Sunday, March 16, 2014

Invisible progress

Don't be fooled by the fact that I'm not posting much artwork. This I swear has been the most creatively productive time of my life. 
Here's a typical day here:
6:30 Wake up to sunshine streaming in my window and a symphony of birds singing nearby.  Amazing. 
Lie there for half an hour contemplating the day and feeling so lucky to be here. 
7:00 Get up, go get my art toys  and head outside to carve lino In the sunshine and wait for the breakfast feast I know is coming. 
8:30 Feast on amazing fresh local fare, most of it from neighboring farms, drink freshly brewed coffee and make plans for the day. 
9-1 Carve carve carve. 
1-2 Make some kind of collaborative feast with my fellow artists in residence and eat it at the sunny table we've set up in the open barn/studio drinking local organic wine and talking about how our projects are going. 
2-4 carve carve carve. 
Some undetermined time in there: sneak away for a nap.  Or two. 
As I'm carving I keep seeing Sarah pass by dragging various woodland finds and ephemera off to where she's making her incredible headdress pieces. Our Finnish poet Sami can be spotted standing in the garden scribbling in his moleskine. Hye Weon is busy in her outdoor studio sculpting clay, Marina and her mother are busy making everything lovely, and the two black cats, both of whom we are calling Neroni because we can't tell them apart and we like the name are wandering and lounging in sunny spots around the property. 
Late afternoons we go on some fantastic excursion together, like going up to the neighbor's farm to buy fresh eggs, discovering new picnic destinations, exploring Assisi, making the pilgrimage into town to the art supply store, whatever is going. It's always something.  Today it was Assisi and Saint Francis's tomb, tomorrow it's mass at a centuries old church in a nearby village. 
In the evenings we watch italian movies or we sneak in a little more work. 

It's perfect having all this cup-filling exploring to do. Even with all the time we spend eating and doing 'Le Gita Scholastica' ( my new word of the day, means field trip) I know I'm carving as much as my hands will let me. I'm constantly aware of them and what they can do, and when they're about to give out.  Thats the price of having broken them I guess, and having screws and plates in there. When they're tired I can feel all that stuff. I'm riding the edge of what I can do in a day. I'm deep into 10 linocuts, and I figure I can finish carving them all ( and possibly one or two more) by Wednesday, print Wednesday afternoon,, let them dry until Friday, paint them Saturday, and be ready to head to the coast Sunday.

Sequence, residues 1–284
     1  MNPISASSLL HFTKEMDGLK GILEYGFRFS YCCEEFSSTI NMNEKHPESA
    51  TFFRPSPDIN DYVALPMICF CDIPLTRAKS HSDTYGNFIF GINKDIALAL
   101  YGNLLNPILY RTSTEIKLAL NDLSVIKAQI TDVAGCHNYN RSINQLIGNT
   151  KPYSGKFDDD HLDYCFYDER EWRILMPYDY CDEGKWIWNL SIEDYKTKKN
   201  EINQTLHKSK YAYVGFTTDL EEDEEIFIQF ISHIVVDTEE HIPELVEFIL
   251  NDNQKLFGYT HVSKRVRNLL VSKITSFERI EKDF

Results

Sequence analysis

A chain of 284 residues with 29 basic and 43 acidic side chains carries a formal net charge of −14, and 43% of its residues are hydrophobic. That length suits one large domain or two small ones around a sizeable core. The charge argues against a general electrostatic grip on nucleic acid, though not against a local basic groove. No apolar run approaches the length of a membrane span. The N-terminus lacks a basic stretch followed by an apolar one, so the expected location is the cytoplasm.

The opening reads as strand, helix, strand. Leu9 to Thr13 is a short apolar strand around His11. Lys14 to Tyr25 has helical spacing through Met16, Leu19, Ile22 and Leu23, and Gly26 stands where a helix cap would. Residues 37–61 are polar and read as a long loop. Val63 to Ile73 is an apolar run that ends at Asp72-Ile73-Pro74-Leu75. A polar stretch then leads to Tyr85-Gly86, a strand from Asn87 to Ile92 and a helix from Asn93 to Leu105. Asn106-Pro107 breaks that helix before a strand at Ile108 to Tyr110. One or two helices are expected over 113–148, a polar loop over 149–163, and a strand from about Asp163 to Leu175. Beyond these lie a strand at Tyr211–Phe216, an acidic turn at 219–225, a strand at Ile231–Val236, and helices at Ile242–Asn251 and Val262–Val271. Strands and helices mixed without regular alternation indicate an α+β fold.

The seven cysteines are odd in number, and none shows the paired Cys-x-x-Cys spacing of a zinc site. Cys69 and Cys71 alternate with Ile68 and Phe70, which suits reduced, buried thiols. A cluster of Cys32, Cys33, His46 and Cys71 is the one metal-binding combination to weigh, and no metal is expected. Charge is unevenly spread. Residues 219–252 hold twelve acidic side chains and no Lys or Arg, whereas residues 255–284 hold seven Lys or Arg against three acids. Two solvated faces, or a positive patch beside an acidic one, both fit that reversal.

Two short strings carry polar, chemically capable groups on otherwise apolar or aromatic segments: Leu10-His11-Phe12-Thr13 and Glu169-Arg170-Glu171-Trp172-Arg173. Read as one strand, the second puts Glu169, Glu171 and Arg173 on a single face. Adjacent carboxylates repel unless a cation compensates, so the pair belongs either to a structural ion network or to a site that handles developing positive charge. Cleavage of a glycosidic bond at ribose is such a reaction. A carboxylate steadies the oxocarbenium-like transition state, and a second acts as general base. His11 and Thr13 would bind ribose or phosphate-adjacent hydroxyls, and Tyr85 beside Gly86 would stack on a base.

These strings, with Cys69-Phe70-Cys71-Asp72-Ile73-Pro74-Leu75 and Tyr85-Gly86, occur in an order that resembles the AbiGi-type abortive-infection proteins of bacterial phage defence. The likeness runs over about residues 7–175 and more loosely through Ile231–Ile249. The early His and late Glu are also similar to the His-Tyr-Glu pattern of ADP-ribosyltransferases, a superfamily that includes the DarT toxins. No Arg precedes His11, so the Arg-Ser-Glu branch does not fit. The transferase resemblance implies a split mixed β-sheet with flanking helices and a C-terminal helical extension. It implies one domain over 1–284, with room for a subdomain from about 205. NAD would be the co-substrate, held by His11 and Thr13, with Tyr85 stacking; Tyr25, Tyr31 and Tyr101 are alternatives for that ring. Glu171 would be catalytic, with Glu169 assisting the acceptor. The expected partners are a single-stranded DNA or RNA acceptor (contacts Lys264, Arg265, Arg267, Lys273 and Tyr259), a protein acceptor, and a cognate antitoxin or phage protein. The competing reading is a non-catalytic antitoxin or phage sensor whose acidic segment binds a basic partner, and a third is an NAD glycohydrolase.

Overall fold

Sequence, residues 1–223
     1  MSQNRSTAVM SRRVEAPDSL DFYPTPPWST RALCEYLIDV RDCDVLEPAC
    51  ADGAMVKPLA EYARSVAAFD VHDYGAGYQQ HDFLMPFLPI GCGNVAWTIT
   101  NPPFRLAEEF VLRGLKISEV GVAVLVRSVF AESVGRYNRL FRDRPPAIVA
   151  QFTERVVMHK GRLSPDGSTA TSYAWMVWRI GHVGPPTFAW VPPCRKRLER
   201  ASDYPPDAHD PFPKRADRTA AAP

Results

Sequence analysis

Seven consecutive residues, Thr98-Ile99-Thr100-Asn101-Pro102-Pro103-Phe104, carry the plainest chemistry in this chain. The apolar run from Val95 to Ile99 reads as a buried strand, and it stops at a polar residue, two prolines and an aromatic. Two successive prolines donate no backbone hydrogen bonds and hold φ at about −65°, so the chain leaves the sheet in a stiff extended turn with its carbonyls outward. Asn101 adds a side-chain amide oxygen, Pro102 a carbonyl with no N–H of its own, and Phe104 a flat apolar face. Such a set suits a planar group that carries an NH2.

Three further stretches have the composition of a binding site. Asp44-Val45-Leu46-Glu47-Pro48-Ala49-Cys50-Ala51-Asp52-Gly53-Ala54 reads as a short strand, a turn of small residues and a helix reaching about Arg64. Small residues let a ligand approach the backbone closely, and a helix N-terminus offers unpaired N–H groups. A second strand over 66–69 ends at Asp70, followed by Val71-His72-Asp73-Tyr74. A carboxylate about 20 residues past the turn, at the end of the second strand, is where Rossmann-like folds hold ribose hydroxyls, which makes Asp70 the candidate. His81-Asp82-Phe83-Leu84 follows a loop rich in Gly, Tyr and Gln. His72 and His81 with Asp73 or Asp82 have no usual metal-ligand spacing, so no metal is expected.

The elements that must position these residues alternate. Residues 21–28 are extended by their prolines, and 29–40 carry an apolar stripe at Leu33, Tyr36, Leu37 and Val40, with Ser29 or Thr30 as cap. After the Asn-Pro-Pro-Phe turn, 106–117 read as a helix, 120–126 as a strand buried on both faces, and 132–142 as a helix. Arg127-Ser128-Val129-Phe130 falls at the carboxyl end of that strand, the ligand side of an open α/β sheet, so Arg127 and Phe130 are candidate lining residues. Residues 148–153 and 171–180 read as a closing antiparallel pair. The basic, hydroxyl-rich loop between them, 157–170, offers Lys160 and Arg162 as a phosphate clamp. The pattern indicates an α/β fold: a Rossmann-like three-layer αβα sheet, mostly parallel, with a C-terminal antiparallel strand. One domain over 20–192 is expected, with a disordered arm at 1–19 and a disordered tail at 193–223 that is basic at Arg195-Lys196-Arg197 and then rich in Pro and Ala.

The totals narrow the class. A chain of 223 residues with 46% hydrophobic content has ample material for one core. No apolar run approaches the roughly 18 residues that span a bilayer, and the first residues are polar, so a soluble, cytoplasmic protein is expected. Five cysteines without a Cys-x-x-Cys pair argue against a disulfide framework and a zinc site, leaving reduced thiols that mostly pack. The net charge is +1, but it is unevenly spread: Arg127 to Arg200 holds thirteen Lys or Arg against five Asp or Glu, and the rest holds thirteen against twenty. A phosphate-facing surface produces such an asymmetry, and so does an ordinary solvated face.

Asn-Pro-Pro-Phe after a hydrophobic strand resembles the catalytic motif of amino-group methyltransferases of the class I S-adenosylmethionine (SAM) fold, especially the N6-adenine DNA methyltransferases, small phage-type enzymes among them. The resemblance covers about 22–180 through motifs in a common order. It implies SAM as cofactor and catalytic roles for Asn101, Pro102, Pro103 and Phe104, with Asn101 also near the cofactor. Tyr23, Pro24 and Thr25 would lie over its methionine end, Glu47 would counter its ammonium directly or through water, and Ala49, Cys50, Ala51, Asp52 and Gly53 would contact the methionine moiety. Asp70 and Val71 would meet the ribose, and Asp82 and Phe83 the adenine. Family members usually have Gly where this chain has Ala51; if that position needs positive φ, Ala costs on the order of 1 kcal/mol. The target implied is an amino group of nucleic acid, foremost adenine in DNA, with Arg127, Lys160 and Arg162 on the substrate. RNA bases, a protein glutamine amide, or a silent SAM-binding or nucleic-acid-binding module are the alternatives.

One of the things we did in Assisi tonight was go and see the gallery where our group show will be in November/December. It, like everything else in Assisi, was totally beautiful. If you're an artist and you've ever thought of doing a residency I highly recommend Arte Studio Ginestrelle.  They take amazing care of us. The house is beautiful and comfortable. It's just the right size for getting to know your fellow artists but never feeling crowded or lacking privacy.  There's lots of studio space, and great outdoor space for working on projects.  Marina and her parents nurture us,  constantly stoking the wood fires in the different rooms, making sure we have what we need but leaving us free to create at our own pace. Everyone is having an amazing time. I can't imagine a better artists residency experience. 

2 comments:

Sigrid Albert said...

I am trying to take notes from you. It all sounds wonderful: doing art. In Italy. I've been to Assisi and have stayed in small hilltop, stone Umbrian village for a week back in 2006. It was amazing, but I wasn't a regular sketcher then. Still, I did a bit of drawing. Enjoy!

Sue Pownall said...

Sounds amazing.